Kellie’s Castle, Batu Gajah, Malaysia.
In the past one year, I’d been travelling with two cameras: Olympus OM-D E-M10 Mark II, a digital camera; and Olympus OM-2n, a film camera.
This is until I struggled to juggle between the two during a holiday in Guangzhou last month. I hesitated which camera to use on multiple occasions.
In the end, I didn’t make much use of the film camera.
It was unproductive.
So, I flew to Malaysia equipped only with the film camera. In any case, I still had my Samsung Galaxy Note 8 as a backup.
There were two photo spots in mind: Kellie’s Castle in Batu Gajah and Universiti Tunku Abdul Rahman in Kampar, both located in the state of Perak. I will share more about the latter in another post.
Kellie’s Castle is a century-old mansion commissioned by William Kellie Smith, a Scottish rubber plantation and tin mining mogul, when Malaya (now Peninsular Malaysia) was still a colony of the British Empire.
The construction of the mansion started in 1915; it was never completed as the owner passed away in 1926.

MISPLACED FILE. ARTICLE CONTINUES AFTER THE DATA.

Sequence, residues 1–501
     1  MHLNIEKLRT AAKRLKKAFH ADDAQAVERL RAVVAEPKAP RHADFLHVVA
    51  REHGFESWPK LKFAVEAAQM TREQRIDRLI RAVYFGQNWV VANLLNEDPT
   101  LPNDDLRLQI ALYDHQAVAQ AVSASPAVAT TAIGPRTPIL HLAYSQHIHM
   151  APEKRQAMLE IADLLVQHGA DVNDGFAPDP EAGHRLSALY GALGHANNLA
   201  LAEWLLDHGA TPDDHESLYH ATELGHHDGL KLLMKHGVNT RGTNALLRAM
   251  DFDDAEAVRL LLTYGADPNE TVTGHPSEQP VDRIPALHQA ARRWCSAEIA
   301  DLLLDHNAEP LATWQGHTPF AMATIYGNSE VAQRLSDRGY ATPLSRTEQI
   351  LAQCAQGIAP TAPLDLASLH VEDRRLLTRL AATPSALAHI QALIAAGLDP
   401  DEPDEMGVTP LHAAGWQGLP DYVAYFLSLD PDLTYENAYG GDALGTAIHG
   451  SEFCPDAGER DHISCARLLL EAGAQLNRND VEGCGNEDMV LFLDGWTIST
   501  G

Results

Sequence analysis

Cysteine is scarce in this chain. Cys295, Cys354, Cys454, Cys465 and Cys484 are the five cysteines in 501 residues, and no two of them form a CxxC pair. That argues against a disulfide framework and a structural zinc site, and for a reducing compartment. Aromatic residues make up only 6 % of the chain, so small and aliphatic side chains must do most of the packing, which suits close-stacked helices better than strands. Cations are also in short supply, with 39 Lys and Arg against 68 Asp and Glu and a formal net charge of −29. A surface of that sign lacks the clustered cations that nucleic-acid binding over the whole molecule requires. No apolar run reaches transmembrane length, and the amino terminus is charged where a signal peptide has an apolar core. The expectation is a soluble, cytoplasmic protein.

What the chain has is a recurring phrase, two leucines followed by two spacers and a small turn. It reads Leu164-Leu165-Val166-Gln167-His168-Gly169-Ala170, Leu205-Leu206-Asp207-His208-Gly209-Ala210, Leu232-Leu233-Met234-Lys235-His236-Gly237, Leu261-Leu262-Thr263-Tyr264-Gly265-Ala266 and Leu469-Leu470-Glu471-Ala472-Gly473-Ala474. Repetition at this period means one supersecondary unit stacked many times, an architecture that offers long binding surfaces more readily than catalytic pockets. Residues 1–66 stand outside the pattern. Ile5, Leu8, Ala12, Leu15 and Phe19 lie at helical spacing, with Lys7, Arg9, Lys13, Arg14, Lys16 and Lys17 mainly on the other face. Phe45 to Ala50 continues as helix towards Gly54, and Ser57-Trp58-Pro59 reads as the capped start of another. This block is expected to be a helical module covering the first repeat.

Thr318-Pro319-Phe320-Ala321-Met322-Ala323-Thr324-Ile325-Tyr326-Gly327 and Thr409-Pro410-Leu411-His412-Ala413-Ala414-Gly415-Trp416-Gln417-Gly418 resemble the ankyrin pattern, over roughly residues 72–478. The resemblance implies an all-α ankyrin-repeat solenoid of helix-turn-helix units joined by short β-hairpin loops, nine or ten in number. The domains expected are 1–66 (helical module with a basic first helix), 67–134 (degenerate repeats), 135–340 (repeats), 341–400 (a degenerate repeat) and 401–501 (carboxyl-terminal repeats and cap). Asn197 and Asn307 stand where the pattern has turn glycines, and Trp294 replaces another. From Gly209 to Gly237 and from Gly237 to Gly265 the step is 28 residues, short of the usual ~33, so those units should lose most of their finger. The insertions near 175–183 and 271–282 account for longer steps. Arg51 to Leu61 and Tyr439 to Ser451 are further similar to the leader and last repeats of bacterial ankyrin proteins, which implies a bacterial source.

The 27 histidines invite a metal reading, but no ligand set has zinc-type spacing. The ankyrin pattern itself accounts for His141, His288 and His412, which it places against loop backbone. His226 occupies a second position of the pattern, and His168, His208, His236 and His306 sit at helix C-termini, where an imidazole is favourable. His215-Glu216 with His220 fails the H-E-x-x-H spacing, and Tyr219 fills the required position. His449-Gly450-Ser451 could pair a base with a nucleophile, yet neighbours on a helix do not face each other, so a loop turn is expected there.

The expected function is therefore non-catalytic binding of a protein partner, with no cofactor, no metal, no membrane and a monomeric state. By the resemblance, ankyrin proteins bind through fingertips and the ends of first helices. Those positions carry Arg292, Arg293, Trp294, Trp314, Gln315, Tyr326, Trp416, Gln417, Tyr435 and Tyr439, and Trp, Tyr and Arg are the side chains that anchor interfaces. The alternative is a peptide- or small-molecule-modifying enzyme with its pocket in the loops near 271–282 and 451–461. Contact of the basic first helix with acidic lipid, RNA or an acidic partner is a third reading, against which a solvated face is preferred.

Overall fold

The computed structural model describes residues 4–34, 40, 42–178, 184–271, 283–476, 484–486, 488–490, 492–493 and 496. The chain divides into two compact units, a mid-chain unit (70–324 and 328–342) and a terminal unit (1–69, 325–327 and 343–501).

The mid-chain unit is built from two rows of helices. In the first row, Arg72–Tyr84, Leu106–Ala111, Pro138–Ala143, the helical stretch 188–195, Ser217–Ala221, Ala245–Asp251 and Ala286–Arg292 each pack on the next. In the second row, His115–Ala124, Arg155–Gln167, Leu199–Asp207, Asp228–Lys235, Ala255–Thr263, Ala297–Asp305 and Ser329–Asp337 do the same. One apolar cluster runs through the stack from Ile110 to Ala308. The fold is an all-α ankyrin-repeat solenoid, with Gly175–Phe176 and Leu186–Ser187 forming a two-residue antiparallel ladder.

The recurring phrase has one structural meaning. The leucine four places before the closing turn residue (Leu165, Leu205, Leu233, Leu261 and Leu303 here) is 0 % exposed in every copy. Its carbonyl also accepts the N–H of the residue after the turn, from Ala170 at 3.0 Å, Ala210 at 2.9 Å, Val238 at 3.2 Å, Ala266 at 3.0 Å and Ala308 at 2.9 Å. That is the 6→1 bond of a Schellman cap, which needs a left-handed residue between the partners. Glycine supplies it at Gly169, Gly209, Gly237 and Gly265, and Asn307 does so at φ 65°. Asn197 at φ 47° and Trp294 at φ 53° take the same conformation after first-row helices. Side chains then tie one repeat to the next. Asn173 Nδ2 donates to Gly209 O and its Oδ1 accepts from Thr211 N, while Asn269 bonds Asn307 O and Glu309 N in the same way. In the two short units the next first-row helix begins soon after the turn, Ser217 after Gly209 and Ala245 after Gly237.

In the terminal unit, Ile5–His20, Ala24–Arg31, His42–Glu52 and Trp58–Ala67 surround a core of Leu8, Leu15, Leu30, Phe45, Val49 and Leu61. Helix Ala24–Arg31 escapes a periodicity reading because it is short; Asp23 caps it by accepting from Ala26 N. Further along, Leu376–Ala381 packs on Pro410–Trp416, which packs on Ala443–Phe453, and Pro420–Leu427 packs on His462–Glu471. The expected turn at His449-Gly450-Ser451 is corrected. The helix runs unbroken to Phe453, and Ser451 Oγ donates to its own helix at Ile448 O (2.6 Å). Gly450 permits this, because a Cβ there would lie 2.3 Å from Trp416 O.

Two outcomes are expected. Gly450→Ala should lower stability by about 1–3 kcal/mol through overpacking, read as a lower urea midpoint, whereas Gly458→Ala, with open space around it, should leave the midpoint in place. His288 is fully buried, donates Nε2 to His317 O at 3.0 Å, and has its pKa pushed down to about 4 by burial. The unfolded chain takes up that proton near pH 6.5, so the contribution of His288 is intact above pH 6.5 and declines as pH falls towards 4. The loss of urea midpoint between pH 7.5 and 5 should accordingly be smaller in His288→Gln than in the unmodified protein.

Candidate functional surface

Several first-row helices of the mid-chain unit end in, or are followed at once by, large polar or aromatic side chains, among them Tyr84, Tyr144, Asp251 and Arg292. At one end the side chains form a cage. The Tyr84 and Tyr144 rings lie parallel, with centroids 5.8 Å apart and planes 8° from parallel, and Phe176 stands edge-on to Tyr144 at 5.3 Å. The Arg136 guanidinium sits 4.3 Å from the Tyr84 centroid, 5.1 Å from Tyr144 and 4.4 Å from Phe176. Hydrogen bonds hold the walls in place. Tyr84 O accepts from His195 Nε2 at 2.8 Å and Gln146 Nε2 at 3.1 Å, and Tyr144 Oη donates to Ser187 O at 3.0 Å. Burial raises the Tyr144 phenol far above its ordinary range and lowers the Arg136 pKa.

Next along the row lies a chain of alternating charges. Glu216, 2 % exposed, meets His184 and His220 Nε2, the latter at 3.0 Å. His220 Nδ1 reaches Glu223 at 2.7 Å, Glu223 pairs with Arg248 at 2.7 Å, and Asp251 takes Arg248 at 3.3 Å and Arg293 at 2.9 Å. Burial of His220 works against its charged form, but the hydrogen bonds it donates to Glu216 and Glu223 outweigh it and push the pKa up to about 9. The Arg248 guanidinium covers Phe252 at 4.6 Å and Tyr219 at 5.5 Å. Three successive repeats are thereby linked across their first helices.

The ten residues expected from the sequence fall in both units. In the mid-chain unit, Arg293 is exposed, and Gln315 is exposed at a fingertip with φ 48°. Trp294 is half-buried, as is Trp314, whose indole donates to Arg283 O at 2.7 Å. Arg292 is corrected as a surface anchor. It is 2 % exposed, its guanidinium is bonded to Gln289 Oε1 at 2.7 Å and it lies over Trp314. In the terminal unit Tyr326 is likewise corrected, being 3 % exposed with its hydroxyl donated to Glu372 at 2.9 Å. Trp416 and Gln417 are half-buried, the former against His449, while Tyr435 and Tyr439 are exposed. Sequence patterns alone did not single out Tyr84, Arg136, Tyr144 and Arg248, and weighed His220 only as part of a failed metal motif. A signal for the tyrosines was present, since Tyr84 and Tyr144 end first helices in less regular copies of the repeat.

The mansion is now easily accessible after being turned turned into a tourist attraction.
The scars from decades of abandonment however, can still be clearly seen: exposed bricks, collapsed structures, walls mushroomed with mould, unfurnished rooms and it felt eerie even in broad daylight.
The sign that says the balcony is haunted didn’t help.
Compared to its surrounding, Kellie’s Castle stood out like a rose among the thorns as it sat on top of a small hill overlooking the Raya River and vast plantations that stretched to the horizon. The Neo-Moorish and Neo-Mughal influences, which were common in British colonies, amplified its distinctiveness.
If you were to visit Kellie’s Castle, make sure that you ascend the narrow stairs to the roof. The view there was simply breath taking.
I could clearly see why Anna and the King’s production crew, a Hollywood movie released in 1999 starring Chow Yun-fat and Jodie Foster, had picked this mansion as one of the filming locations.
Kellie’s Castle was certainly worth the 30-minute detour from Ipoh: a destination listed by Lonely Planet and The New York Times as one of the top travel gems in Asia.
Address: Kellie’s Castle, Batu 5, Jalan Gopeng, 31000 Perak, Malaysia
Opening hours: Daily 09:00 – 17:30 (last admission).
Admission fees: MyKad holders: RM5 for adults, RM3 for children below 12 and RM4 for seniors. Regular price: RM10 for adults, RM8 children below 12.